During Eastertime in Leonidio devoutness and excitement go hand in hand, thanks to the spectacular custom of the balloons that is more than one century old. Although its origin is unknown, it is believed that the custom is a revival of a similar one that the seamen of the area had seen practiced in some Asian country.
It all boils down to the competition among the five parishes of the village. For six weeks until Easter, after every Friday evening’s service, the kids raise money to make as many balloons as possible. It is estimated that every Easter Saturday night five to six hundred balloons fill the sky with their sparkling light, and that is about one balloon per house.
On the night of Easter Saturday, locals and visitors alike gathered in the central square of the village wait impatiently for the big moment. It is midnight, andwhen “Christos Anesti” (Christ is risen) is heard the men of the village set afire the oil-and-petroleum-soaked pieces of cloth at the bottom of each balloon. Amid fireworks in the sky, the balloons take off for a lazy flight of 30 to 40 minutes. Tradition has it that, no matter what the weather conditions are, calmness takes over and only a gentle western wind blows, strong just enough to allow the balloons to reach for the stars.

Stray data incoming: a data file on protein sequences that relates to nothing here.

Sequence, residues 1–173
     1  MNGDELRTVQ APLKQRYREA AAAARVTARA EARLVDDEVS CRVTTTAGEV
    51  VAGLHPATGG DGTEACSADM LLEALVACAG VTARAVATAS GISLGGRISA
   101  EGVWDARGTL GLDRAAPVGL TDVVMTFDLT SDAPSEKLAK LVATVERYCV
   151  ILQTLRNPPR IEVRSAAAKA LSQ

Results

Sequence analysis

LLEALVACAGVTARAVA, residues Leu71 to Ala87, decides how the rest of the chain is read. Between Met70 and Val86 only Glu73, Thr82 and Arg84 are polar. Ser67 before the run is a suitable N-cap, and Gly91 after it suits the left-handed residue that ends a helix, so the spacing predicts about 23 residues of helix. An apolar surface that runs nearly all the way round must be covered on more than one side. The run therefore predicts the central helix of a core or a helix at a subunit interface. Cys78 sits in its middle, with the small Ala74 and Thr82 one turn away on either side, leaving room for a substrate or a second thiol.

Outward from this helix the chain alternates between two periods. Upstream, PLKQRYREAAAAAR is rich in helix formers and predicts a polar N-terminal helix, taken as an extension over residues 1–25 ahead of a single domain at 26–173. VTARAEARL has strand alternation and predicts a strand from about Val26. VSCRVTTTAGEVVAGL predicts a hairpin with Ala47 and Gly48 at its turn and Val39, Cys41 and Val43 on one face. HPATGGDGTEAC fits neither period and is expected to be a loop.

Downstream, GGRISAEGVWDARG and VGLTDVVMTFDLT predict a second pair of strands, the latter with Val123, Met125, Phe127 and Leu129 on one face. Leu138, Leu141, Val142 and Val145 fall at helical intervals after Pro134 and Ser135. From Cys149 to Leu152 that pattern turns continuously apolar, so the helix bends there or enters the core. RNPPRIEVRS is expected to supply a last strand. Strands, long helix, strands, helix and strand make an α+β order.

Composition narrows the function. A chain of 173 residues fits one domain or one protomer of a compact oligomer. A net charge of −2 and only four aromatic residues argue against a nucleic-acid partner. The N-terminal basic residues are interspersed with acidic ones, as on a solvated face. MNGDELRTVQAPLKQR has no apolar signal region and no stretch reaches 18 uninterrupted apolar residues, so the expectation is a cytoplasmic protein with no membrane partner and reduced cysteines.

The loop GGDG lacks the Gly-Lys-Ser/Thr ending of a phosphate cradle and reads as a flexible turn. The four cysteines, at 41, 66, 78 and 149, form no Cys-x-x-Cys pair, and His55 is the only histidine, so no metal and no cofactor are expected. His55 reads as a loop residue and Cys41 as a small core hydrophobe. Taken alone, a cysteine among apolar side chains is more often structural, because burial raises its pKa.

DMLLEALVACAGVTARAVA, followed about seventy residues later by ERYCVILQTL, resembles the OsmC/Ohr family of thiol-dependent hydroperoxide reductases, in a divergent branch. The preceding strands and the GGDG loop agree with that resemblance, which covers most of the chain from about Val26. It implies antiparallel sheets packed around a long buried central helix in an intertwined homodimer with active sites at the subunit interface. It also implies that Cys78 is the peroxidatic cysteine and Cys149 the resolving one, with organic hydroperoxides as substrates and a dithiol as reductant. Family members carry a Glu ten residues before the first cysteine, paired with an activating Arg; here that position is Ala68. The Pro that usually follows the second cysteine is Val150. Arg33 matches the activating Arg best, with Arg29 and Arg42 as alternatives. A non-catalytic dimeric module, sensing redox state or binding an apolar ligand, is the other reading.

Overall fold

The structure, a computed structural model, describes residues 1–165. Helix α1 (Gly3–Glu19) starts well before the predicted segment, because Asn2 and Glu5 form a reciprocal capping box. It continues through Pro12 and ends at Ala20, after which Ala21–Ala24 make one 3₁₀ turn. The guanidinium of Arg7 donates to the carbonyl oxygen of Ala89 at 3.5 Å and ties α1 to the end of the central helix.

Make your own balloon
Lay 8 sheets of paper on the ground, glue them together by two and put them together so that you have a rectangle two sheets large and four sheets long. Repeat with the other 8 sheets of paper. Glue the two rectangles together and form a cylinder with them. Tear off one of the ends of the cylinder and glue them back in a dome shape. Sew the piece of cane around the other end of the cylinder thus forming a crown no more than 1 cm thick. Use the wire to make a cross around the crown and a hook in the middle of it. The oil-and-petroleum-soaked cloth will be hung here.
Your balloon is ready. Set the cloth afire and watch it flying!